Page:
A Tale of Two Email Programs

A Tale of Two Email Programs – Prologue

Insomniacs take note: This is a good posting to read at 3 AM when you’re desperate for sleep. For best results read several times, and good luck to you. 

Email conversions are always fun. Lately, some interesting challenges have been converting Incredimail to Windows Live Mail and converting AOL to Mac Mail.

Both Incredimail and AOL share a mission to make it difficult to convert to another format. They have been somewhat successful in this. Some technical expertise is required to convert these email formats. A typical PC user wouldn’t be able to do this and would need to hire help to make the switch.

I’m going to talk about Incredimail and AOL  separately, as they have nothing in common aside from an intense desire to make sure you don’t switch.

AOL – Incompatible with Itself

Email task number one was to transfer a huge AOL cabinet file to Mac Mail. Nothing else mattered to the customer. One might think that one could simply move the cabinet file over to the Mac. Not quite… the format of the PFC (Personal File Cabinet) file is not compatible with the PFC format used on the Mac, nor has AOL apparently provided any sort of conversion routine.  In the parlance of the street, you’re SOL. You can’t use the Windows PFC on the Mac. And it can’t be recreated (actually it can be but no customer would pay the astronomical labor fee).

This was the proverbial straw that caused the customer to choose to use Mac Mail instead of AOL on an Airbook. Hence the challenge of converting  a Windows PFC file to Mac Mail.

This was a multiple step operation. I transferred the PFC file to my recovery PC, booted in XP, and then installed a third party software called Epreserver to process the AOL PFC and convert it to Mbox format. Epreserver claims to preserve the subfolder structure and this proved to be true. It took a few hours due to the size of the PFC file. Even though Epreserver has an option for converting to Mac Mail, you mustn’t use it. Use Mbox instead.

When Epreserver finished, there was a new folder in a path the user had chosen when Epreserver started. All of the PFC emails are in this folder, in Mbox format. Attachments are not transferred because AOL never stores attachments in the PFC file. Instead they are downloaded to your PC separately when you first read that email (and before you transferred the email to the PFC). If you never read the attachment, it just appears as a link to an AOL server location. Attachments were not as important as the content of the email in this case, since almost all had been downloaded when the containing email was first read.

Then this folder is transferred to the Mac using a USB key and dumped into documents. Then Mac Mail is started and you click on “file->import_mailboxes”. Then browse to the location of the mbox folder and click on continue. The messages are then imported into Mac Mail, and put into a mail folder called “Import” within a category called “On My Mac”. The imported messages will not clash with any other folders within Mac Mail unless you already have a folder called “Import” within the “On My Mac” category, in which case the import process will automatically create a differently named folder called “Import-2”.

I have tested this procedure fully on Snow Leopard but the import process shouldn’t be any different on later versions of Mac Mail.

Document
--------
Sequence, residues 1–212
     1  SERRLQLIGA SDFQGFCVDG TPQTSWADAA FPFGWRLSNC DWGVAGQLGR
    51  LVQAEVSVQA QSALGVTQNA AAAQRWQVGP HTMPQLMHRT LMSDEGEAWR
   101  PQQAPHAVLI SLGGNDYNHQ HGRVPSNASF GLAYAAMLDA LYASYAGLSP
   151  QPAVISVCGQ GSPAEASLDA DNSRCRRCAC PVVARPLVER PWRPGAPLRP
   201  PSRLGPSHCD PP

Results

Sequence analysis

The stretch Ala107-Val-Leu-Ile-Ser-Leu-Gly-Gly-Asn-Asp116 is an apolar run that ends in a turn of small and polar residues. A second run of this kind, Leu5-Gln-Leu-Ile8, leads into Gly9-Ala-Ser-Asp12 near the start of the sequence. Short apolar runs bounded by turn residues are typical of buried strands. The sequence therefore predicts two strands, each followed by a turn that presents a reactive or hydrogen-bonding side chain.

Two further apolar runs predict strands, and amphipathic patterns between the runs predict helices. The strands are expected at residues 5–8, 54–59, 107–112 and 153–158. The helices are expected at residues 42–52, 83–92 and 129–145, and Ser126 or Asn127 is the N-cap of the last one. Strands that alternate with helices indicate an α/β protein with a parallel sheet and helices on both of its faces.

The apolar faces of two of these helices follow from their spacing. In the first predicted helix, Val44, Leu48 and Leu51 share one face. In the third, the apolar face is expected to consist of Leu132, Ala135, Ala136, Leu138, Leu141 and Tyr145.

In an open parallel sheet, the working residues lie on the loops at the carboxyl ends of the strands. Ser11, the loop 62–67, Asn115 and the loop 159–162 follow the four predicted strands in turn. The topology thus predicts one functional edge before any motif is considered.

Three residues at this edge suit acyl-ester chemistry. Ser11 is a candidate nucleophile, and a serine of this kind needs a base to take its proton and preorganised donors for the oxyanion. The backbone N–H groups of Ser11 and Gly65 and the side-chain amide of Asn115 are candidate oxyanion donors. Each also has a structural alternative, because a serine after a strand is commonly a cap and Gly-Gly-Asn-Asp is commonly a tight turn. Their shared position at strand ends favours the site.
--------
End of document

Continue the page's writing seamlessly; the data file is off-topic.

The average user couldn’t have done this.

Incredimail – There is no Escape

Next comes the Incredimail challenge. Unlike AOL, Incredimail stores attachments within its proprietary email database, so they are not lost when converting. However, the database is proprietary and there is no export function (except for one email at a time). At the client site, I transferred the Incredimail data folders to a USB drive and told the customer I would do my best but no promises.

At my office, I transferred the data to an XP recovery PC and started some research. I found a few Incredimail to EML format converters but the one I used is free and is written by somebody named Reynard (reynardware.blogspot.com). It has a very basic interface but works fine and captures emails and attachments. Each Incredimail folder, such as Inbox and Deleted, must be processed one at a time to avoid crashing the conversion software.

Incredimail does offer an export function for contacts. I used that to transfer the contacts, and it worked except that I had some field matching to do when importing into Windows Live Mail.

Once  the Incredimail emails are converted to EML format, they can be easily imported into just about any email program on any operating system. For this particular customer, I put the converted messages on a USB drive and on-site I imported the messages (and the contacts as described above) into Windows Live Mail. Windows Live Mail is an email program I despise but for the very simple needs of this customer, it was the easiest option.


In conclusion, your choice of email program may bite you at some future point. There’s no way most people would know this when first choosing their email program. An email program can be a powerful tool for managing email and indispensable for using right-click context menu Windows wizards such as “Send To” to handle attachments. But some programs can also hinder your ability to easy switch without professional help.

However, remember that you always have the choice of ditching your old emails and starting from scratch. If your emails are worthless history a few days after delivery, this is the clear choice.

Note to Insomniacs: If you are still awake, you need to scroll up to the beginning and read this posting again. Repeat until you fall asleep or until you reach that point in time when you have to stop trying to fall sleep. Also read the Insomnia Usage Policy in my first posting.

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